Sapphire is a stunning gem that is quite popular in the world for their gorgeous and vivid colors. There is a lot that you may not know about this gem. First of all it is the second hardest gem on the Mohs scale, placing just behind the classic diamond. This has helped it to become one of the more timeless gems that are available on the market. In fact, this was an especially popular gem during the Victorian era. From then to the present time, these are popular gems that are found in jewelry. They are durable and gorgeous, making them perfect for everyday wear.
What Make A Sapphire Blue?
A lot of people wonder where this stunning blue color comes from. The answer comes from where it is mined. These gems come from a mineral known as corundum. As the crystal develops near the earth’s crust, the element titanium creates the famous blue coloring. Corundum is made up of aluminium oxide and the pure version of this mineral is colorless. That is why there is the term “white sapphire”. As titanium gets mixed into this mineral in nature as a result of specific levels of pressure and temperature, the blue color is created within these gems. There can be some very subtle differences within these combinations that can create different coloring. For instance, depending on how much iron is introduced during the process, the color can be an inky and dark color or a lighter color with a unique iridescent sparkle to it.
What About The Other Sapphire Colors
Since Corundum is colorless it needs to have specific elements present during it’s formation to produce different colord. Below is a lits of the elements needed to create color.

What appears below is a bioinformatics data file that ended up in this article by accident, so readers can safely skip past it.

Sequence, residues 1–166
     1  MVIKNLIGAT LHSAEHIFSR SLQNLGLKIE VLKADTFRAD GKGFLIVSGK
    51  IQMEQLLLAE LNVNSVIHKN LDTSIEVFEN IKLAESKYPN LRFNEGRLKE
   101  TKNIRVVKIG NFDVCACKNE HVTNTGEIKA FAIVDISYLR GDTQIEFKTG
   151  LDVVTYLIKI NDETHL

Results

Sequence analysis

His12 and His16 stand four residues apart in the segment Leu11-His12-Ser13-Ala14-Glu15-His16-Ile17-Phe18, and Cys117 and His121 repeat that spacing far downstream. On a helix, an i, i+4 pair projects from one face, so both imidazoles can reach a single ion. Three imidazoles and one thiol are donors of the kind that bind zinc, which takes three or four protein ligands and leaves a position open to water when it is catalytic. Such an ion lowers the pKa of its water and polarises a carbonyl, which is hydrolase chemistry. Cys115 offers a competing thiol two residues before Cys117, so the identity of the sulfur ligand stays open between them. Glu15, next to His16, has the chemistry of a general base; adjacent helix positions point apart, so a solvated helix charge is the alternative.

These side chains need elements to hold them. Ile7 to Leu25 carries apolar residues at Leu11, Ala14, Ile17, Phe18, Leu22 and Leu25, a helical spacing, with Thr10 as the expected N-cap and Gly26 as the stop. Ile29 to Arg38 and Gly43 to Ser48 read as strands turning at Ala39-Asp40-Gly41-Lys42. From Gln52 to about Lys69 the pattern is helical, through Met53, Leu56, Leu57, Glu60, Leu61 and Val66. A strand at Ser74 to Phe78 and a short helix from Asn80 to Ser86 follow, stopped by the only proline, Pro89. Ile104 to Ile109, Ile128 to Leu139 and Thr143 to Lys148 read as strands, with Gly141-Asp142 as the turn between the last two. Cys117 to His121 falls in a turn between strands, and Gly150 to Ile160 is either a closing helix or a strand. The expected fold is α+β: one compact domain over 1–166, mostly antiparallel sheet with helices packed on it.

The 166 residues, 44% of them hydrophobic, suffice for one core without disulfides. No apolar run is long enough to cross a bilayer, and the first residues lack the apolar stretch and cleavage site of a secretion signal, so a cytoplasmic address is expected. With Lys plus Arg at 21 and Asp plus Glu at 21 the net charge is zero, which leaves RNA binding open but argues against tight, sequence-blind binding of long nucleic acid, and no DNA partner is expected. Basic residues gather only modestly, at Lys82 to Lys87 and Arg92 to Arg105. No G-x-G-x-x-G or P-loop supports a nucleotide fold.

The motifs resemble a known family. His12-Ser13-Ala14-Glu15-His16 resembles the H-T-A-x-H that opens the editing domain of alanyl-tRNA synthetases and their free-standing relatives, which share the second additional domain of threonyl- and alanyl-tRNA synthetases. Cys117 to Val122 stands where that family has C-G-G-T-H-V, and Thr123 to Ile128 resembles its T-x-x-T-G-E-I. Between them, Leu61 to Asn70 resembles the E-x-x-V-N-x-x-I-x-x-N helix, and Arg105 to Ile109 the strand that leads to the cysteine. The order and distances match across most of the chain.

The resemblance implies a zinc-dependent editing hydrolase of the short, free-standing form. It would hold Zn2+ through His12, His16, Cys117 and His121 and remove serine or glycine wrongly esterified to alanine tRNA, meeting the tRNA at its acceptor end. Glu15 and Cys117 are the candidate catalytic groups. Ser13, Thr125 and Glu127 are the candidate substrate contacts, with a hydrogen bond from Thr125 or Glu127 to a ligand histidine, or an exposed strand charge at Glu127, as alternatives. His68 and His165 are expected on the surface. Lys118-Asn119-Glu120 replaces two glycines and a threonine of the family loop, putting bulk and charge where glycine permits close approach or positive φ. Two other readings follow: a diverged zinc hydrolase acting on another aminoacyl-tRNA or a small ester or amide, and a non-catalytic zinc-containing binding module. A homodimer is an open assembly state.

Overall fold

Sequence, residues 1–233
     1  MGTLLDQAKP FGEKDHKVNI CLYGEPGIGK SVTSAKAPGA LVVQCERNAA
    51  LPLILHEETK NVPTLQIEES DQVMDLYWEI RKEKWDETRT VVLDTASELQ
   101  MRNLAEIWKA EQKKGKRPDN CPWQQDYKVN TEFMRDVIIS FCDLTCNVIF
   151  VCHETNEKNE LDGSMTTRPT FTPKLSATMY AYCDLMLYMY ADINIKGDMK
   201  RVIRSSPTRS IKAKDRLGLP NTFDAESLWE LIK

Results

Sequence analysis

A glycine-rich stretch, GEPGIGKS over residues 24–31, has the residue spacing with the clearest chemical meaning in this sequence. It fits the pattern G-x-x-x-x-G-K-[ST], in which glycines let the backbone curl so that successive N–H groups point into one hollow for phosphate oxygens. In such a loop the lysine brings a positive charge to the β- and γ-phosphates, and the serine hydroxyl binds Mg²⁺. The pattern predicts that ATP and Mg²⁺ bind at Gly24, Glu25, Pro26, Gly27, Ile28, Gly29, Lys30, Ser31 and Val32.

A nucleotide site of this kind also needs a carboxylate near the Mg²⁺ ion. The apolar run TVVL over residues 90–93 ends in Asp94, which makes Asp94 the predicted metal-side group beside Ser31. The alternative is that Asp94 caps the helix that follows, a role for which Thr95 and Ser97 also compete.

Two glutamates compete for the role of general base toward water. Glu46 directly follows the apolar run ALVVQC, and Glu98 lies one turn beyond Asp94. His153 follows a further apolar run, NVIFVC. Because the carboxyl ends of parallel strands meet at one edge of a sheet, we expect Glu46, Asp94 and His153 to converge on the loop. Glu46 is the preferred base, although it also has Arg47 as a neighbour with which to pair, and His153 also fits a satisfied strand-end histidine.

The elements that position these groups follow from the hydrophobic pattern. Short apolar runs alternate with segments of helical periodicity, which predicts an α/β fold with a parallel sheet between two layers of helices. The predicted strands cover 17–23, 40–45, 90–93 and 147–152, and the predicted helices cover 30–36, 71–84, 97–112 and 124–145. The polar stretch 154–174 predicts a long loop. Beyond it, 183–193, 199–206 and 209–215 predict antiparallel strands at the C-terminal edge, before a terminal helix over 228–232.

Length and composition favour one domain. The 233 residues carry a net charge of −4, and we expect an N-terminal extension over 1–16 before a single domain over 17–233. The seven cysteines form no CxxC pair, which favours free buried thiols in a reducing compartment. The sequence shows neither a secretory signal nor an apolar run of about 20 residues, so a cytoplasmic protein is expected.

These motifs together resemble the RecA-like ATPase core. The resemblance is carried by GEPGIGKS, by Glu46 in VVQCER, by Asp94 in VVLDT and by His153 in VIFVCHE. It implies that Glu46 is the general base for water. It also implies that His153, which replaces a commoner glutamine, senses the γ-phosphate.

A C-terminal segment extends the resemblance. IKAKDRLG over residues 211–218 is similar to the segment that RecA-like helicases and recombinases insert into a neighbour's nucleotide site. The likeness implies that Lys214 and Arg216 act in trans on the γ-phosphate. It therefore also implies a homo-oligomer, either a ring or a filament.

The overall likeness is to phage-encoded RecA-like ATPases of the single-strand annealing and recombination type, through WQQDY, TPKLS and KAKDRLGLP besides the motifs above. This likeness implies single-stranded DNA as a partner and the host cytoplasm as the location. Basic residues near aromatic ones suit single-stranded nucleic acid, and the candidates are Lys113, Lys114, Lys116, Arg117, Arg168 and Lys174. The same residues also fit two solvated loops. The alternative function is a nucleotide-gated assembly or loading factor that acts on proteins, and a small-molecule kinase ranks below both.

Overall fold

- No trace elements – White Sapphire
- Titanium (with traces of Iron) – Blue
- Iron – Yellow Sapphire.
- Chromium – Pink Sapphire. High amounts of Chromium will make the gem red. When it is red it is called Ruby.
- Iron + Chromium – Pinkish Orange Sapphire known as Padparascha.
- Titanium + Iron – Green
The value of these gems can often be placed on the coloring to the gem. A sapphire that has a violet tinge to it will typically cost less than a pure deep blue one. There are the typical factors to grading sapphires, such as carats, color, cut, and clarity though this may not be as important when deciding the value of these gems. One example of this is that natural inclusions that affect clarity may reduce the value of some other gemstones but with sapphires the inclusions can often have no effect on the gemstones value. Things like carat weight can also have an impact, but really the color of the sapphire is the ultimate cause for its value. Another factor that has an impact on the value of the gemstone is where the gems were mined. Kashmir varieties, which have a famous cornflower blue color to them are generally at the higher end of the pricing for sapphires.
When choosing a sapphire, you really should just look at the sapphire to see which one you feel is the most beautiful. There are so many different variations to the color that picking sapphires are really a personal preference as well as one that you would consider based on your budget. You should be careful to really look at the gem in the light to get a true feel of the color of the sapphire. It is important that you go to a reputable dealer for these sapphires so that you know exactly what you are getting.
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